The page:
Project-Based Learning and Common Core Standards The first question about Common Core State Standards, What will they look like?, has been answered. The answer is: Very different. The second, more challenging question is, How will we teach these new standards? States and professional development organizations recognize that the kind of transformative professional preparation necessary to meet the challenge of teaching the new standards is not yet in place. First, I refer to high-quality PBL, as outlined in a recent post. The Six Moving Parts There is an overriding reason that the Common Core State Standards will challenge our professional capability as educators: Teaching inquiry and skillful problem solving is not a simple change of strategy to, let's say, favoring one reading method over another. I call these shifts the six "moving parts" of PBL. Moving from instruction to inquiry.
An Updated Digital Differentiation Model Ten months ago I published a Digital Differentiation model on this blog. I've been using the model to guide the work I do each day and I've been sharing it via webinars and hands-on training sessions.Of course, ten months is a long time in the world of edtech, and I've added some new tools and resources to my personal teaching toolkit, so I decided it was time to update the model and tweak it just a bit. The original article and interactive graphic can still be found on this blog. Here is the new post: Technology is a tool that can be used to help teachers facilitate learning experiences that address the diverse learning needs of all students and help them develop 21st Century Skills, an idea supported by the Common Core. At it's most basic level, digital tools can be used to help students find, understand and use information. 3 Components: Essential Questions Student-driven learning experiences should be driven by standards-based Essential Questions. Flexible Learning Paths
The Differentiator Try Respondo! → ← Back to Byrdseed.com The Differentiator The Differentiator is based on Bloom's Taxonomy, Kaplan and Gould's Depth and Complexity, and David Chung's product menu. Try It In: French Dutch • Tweet It • Like Byrdseed • Pin It Students will judge the ethics of the [click to edit] using a textbook and create an essay in groups of three. Revised Bloom's Taxonomy adapted from "A Taxonomy for Learning,Teaching, and Assessing: A Revision of Bloom's Taxonomy of Educational Objectives" by Anderson and Krathwohl Depth and Complexity adapted from The Flip Book by Sandra N. Depth Big Idea Unanswered Questions Ethics Patterns Rules Language of the Discipline Essential Details Trends Complexity Multiple Points Of View Change Over Time Across the Disciplines Imperatives Origin Convergence Parallels Paradox Contribution Key Words Consequences Motivations Implications Significance Adapted from David Chung and The Flip Book, Too by Sandra N. Group Size One Two Three Four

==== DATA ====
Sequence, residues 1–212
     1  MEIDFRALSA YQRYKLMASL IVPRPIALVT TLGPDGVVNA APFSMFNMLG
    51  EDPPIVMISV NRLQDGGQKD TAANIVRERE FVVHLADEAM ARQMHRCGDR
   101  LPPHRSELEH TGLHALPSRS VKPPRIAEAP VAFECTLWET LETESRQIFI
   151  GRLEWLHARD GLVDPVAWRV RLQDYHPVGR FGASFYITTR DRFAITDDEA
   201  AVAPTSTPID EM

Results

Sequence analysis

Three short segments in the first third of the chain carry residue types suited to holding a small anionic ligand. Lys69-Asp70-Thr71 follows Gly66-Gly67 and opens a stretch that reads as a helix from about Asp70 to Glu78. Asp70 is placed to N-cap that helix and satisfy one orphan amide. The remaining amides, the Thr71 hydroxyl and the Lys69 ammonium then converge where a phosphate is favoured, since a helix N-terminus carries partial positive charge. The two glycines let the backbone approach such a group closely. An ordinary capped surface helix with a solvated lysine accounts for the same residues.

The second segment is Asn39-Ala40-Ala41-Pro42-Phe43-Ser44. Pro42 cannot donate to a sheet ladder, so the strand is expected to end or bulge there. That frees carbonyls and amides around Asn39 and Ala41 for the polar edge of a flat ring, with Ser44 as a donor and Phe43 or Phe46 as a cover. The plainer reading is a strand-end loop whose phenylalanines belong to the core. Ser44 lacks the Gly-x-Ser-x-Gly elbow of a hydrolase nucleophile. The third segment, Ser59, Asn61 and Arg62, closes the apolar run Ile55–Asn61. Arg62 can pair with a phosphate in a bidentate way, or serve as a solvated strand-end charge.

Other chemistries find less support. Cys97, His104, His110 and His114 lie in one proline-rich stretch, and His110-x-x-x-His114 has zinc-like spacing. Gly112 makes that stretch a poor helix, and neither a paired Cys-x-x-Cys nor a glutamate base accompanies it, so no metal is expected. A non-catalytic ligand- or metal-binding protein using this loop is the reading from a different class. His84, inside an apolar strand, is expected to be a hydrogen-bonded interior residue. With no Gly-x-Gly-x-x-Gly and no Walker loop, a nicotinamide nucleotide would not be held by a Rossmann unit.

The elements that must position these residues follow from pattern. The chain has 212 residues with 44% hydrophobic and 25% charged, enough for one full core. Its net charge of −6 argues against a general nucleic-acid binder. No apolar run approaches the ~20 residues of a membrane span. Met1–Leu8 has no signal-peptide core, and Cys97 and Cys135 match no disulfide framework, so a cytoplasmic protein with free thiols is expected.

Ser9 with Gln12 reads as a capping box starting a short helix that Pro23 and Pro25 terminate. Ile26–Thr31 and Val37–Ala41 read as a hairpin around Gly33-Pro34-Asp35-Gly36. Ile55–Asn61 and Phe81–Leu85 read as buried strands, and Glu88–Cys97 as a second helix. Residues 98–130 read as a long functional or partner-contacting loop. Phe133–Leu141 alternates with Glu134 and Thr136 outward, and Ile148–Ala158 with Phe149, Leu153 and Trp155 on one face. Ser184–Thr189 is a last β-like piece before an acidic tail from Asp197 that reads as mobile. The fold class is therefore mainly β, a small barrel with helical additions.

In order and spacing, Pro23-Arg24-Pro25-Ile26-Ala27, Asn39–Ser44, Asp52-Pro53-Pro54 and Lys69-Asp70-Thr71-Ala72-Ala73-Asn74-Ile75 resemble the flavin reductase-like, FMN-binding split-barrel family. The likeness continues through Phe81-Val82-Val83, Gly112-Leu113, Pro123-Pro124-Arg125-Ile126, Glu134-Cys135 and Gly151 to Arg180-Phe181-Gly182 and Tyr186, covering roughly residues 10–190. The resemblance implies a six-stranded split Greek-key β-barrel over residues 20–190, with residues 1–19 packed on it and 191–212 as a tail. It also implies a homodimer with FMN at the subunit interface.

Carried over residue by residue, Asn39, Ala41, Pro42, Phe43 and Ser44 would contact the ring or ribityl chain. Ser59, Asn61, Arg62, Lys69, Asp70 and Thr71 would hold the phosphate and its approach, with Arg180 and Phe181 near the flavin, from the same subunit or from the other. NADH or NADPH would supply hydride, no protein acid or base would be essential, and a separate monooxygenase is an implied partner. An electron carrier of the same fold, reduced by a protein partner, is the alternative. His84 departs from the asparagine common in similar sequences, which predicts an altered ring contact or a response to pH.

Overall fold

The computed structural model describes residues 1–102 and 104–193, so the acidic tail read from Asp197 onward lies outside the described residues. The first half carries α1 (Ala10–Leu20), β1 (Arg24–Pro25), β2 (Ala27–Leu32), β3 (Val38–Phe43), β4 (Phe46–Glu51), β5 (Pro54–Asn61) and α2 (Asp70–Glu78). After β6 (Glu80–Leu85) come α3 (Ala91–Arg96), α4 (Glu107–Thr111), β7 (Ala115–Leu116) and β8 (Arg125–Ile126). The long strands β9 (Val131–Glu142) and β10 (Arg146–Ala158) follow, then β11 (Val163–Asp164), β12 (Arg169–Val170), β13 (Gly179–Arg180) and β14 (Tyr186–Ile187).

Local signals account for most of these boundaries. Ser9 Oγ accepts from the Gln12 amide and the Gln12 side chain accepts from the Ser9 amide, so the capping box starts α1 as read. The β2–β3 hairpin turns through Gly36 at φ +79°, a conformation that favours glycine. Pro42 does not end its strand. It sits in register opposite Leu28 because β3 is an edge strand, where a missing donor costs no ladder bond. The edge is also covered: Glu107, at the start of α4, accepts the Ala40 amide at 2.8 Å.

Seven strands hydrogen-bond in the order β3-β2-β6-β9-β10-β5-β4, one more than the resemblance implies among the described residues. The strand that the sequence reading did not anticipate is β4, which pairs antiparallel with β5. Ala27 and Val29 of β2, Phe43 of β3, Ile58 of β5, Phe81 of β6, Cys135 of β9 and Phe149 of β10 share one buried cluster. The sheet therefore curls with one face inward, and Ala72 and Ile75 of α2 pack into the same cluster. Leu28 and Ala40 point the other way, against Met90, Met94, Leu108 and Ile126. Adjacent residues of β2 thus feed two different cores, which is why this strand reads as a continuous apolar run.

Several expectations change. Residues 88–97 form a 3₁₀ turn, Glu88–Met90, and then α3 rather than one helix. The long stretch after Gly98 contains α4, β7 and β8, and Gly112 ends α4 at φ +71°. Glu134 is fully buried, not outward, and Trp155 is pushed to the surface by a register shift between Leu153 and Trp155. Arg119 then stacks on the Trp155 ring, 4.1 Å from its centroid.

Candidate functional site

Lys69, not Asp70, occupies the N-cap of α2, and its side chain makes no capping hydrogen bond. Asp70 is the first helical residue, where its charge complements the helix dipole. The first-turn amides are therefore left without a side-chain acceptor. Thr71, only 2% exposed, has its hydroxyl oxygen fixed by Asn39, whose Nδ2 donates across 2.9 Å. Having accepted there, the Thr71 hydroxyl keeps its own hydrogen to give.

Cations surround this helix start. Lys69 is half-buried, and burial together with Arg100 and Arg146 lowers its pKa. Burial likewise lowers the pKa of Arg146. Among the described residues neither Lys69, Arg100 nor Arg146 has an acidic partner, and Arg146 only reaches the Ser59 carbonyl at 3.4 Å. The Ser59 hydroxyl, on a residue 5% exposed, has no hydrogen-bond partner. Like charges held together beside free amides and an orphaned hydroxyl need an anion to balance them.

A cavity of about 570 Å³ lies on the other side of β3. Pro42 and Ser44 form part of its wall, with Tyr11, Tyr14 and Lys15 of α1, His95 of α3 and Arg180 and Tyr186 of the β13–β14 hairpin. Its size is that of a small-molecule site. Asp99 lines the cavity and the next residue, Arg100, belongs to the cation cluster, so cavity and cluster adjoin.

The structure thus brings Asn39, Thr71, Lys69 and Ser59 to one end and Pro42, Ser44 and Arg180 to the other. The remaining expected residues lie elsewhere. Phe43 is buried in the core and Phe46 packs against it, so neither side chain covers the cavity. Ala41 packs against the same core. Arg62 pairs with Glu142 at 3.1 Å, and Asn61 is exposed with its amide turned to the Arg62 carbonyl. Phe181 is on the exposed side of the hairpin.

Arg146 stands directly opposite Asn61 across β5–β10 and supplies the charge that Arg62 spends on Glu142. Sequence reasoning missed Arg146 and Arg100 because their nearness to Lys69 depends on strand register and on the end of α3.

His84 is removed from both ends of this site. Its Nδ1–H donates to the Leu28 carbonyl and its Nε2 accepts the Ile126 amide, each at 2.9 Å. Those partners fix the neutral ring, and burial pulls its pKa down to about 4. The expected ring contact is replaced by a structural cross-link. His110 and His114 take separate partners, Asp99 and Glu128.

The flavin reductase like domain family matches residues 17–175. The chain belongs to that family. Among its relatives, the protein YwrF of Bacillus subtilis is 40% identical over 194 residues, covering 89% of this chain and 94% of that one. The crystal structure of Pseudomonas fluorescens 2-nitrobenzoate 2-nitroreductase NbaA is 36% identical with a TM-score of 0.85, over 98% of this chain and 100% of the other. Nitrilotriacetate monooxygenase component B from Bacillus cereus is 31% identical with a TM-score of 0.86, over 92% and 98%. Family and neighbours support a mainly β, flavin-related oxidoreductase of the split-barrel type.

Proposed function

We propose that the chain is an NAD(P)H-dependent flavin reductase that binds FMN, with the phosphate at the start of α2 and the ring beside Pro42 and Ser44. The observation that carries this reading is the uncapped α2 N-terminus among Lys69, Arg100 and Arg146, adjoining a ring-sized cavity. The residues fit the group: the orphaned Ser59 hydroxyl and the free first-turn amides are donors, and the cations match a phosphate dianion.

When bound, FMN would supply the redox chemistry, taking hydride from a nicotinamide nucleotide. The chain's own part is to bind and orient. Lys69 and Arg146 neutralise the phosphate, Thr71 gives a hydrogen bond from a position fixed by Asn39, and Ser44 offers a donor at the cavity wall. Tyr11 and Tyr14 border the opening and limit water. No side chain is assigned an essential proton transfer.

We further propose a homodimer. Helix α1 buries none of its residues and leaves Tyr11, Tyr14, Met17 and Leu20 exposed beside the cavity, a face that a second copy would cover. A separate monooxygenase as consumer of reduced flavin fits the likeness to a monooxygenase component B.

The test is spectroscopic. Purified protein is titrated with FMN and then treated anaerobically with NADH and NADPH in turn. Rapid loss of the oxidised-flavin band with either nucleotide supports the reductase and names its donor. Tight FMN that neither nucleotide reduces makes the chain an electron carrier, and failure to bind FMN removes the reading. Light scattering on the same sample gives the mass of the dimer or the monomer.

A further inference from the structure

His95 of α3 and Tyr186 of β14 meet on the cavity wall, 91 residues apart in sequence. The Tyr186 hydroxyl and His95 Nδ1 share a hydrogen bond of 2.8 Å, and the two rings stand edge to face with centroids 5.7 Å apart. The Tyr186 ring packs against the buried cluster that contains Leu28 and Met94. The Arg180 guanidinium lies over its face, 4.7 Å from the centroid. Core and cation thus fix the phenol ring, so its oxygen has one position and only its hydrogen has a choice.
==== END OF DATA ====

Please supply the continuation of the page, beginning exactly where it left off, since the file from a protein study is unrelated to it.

The Power of Project Learning By Wayne D'Orio Here’s a riddle: Imagine there is a learning technique proven effective through 100 years of use that is now enhanced by the power of today’s technology. Imagine it can excite learners to continue their work well past the parameters of the school day. It is project-based learning, and the answer is yes, and no. Why Project-Based Learning? While project-based learning can be decidedly low tech, the recent surge of interest has been driven by the increase in technology capabilities in public schools. “Friedman’s book had an incredible impact,” says John Mergendoller, executive director of the Buck Institute for Education in Novato, California, a nonprofit research organization promoting problem- and project-based learning. While there are no official PBL statistics to track, the push toward project-based work in the last few years is obvious, most pronouncedly in the rash of schools built specifically around this model. Two other factors help Tech Valley’s mission.
Aprendizaje basado en problemas: otra manera de descubrir el mundo ¿Qué es el aprendizaje basado en problemas? El aprendizaje basado en problemas es un método que se basa en que el alumno aprenda a resolver los problemas que se le plantean de acuerdo con los recursos adquiridos. Uno de los principios básicos de este método es que los alumnos refuezan los conocimientos aprendidos a partir del desarrollo de su propio razonamiento crítico. Se tiende a pensar que se trata de un sistema únicamente aplicable a la asignatura de Matemáticas, pero nada más lejos de la realidad. ¿En qué consiste el aprendizaje basado en problemas? El objetivo del aprendizaje basado en problemas (PBL) es que el alumno descubra qué necesita aprender para resolver un determinado problema que se propone. ¿Qué diferencias presenta con el método tradicional de aprendizaje? Es interesante observar en qué se diferencian estos dos métodos de aprendizaje para comprender realmente el alcance de sus ventajas. ¿Has aplicado en alguna ocasión el método del aprendizaje basado en problemas?